Writer: Sara Warden
2 min read AUGUST 2019 — Charlotte has long been the eastern hub of Bank of America (BofA) and is one of the headquarters of Wells Fargo. But this year it has been attracting attention from the third bank belonging to the Big Four, which together hold around 45% of total U.S. deposits. JP Morgan Chase announced earlier this year that it will add up to 21 branches in Charlotte in the next three years.
“We’ve been serving the Carolinas for more than a decade and opening branches allows us to lend to more consumers and small businesses, and offer good paying jobs,” Thasunda Duckett, CEO of Chase Consumer Banking, said in a press release.
JP Morgan Chase will be entering a market where many are seeing huge potential. In April this year, U.S. Bank announced it will open 10 branches in the city by 2020. The bank, which emerged from the $66 billion merger between BB&T and SunTrust, will also be headquartered in Charlotte.
Despite Wells Fargo and BofA controlling around 89% of the area’s deposits, the new entrants seem confident there will be a big enough piece of the pie for them to get their teeth into. “This expansion marks a major milestone for our firm by allowing us to serve more customers, small businesses and communities across the country,” said Duckett. “To us, this is so much more than building branches. This is about new customer relationships, better access to credit and local jobs.”
Charlotte is home to 425 corporate headquarters in the finance industry. At 2.5%, the city has the lowest corporate tax rate in the country. For three years consecutively, North Carolina’s annual residential growth has exceeded 100,000 people.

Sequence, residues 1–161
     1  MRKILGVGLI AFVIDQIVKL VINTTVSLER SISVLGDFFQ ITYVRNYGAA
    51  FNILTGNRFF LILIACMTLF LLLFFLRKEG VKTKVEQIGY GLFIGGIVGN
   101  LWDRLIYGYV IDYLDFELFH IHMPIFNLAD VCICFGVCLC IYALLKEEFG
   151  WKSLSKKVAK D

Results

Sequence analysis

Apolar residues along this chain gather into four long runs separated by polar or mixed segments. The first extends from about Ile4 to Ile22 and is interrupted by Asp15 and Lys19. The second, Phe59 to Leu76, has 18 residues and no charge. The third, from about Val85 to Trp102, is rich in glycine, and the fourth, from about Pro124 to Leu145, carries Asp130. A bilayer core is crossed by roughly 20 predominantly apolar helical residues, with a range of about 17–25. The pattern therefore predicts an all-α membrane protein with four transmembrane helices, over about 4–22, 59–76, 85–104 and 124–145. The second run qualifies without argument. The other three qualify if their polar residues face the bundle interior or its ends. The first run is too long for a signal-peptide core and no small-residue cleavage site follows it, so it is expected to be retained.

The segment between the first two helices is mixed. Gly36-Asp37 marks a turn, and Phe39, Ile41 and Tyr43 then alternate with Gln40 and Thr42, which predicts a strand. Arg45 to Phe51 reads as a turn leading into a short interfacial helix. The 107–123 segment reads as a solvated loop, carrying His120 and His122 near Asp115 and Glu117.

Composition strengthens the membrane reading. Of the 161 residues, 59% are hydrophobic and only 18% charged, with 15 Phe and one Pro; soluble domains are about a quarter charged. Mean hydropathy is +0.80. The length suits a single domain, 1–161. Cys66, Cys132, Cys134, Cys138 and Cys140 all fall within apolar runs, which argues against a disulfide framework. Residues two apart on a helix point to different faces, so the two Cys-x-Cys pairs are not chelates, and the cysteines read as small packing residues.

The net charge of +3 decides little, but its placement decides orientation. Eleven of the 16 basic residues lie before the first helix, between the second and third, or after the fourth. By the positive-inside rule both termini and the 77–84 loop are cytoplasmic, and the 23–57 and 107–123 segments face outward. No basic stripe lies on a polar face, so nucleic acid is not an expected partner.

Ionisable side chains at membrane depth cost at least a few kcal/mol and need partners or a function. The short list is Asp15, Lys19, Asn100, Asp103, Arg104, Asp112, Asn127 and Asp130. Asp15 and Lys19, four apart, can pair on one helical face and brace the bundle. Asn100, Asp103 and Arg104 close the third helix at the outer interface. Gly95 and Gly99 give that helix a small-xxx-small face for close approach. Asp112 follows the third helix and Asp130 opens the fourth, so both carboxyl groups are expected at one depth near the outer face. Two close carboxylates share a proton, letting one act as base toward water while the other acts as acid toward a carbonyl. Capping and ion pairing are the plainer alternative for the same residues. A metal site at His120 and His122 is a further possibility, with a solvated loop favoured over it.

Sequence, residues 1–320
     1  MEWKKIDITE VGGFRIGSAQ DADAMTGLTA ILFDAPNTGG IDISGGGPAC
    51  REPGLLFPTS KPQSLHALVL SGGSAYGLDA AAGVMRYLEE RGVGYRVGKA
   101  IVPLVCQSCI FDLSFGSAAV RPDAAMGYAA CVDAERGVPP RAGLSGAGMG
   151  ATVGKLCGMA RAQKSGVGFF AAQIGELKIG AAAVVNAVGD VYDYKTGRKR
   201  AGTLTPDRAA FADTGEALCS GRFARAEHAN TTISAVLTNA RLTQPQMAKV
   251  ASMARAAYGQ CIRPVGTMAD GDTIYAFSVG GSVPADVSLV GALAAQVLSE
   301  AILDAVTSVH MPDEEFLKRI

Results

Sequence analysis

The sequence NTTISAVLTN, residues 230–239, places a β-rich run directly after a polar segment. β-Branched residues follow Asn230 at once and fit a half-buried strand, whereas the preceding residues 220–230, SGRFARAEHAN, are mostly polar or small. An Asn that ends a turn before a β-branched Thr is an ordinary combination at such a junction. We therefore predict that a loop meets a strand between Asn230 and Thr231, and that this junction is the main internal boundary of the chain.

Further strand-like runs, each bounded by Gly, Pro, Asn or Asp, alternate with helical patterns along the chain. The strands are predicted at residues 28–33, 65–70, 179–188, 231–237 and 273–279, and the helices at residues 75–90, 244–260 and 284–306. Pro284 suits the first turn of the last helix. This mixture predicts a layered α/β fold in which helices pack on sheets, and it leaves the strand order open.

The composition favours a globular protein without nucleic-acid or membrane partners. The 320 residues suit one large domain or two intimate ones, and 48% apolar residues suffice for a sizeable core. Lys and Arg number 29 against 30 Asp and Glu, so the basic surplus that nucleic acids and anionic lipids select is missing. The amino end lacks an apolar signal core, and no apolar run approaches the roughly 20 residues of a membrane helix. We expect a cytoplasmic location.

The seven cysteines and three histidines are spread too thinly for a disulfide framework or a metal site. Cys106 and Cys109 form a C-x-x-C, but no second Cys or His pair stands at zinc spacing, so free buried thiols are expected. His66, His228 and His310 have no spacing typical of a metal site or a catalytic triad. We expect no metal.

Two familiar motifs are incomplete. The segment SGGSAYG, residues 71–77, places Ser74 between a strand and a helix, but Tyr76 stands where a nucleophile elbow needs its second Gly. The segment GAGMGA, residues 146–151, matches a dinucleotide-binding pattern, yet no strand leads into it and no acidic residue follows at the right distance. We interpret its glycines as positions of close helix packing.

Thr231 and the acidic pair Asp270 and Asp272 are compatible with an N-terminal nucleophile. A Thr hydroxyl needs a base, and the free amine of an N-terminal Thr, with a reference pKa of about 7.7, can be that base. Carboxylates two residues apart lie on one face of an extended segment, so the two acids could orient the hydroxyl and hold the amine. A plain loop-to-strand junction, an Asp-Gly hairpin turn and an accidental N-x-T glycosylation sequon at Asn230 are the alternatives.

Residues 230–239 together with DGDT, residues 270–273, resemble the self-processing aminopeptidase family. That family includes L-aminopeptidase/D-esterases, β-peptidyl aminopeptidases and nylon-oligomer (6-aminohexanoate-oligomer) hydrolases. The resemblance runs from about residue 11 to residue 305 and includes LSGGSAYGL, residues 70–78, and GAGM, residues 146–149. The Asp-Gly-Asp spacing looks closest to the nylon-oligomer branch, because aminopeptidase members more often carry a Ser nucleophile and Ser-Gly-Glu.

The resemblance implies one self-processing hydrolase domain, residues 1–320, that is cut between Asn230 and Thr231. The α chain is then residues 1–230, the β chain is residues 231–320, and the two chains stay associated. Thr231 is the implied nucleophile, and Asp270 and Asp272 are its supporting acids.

“I don’t think there’s any industry that’s having an easy time staffing with the kind of human capital that they need, so one of North Carolina’s biggest advantages right now continues to be population growth,” says Christopher Chung, CEO of the Economic Development Partnership of North Carolina told WeWork publication FiveThirtyEight.
Charlotte’s finance industry is the second-largest banking hub in the country behind only New York City, with banks holding more than $2.3 trillion in assets. The city has added more than 200,000 jobs since 2001.
“We’ve built a great city that helps companies attract and retain today’s best talent,” Frances West, business recruitment and retention leader in Charlotte’s Economic Development Office, said to FiveThirtyEight. “Where we are today is not by happenstance and where we will be in 10 years is not by happenstance — it’s all by intentional growth.”
And the financial institutes have Charlotte in their crosshairs for the long run. U.S. Bank announced it reached an agreement with the city’s authorities this month to be the lead sponsor of a delayed pedestrian bridge project that connects Charlotte’s uptown and South End. U.S. Bank will contribute $1 million to the $11 million infrastructure project.
“Bridging the gap between uptown and South End will provide additional connectivity for residents, workers and guests, while further knitting together two of our great urban neighborhoods,” Michael J. Smith, CEO of Charlotte Center City Partners, said in a press release.
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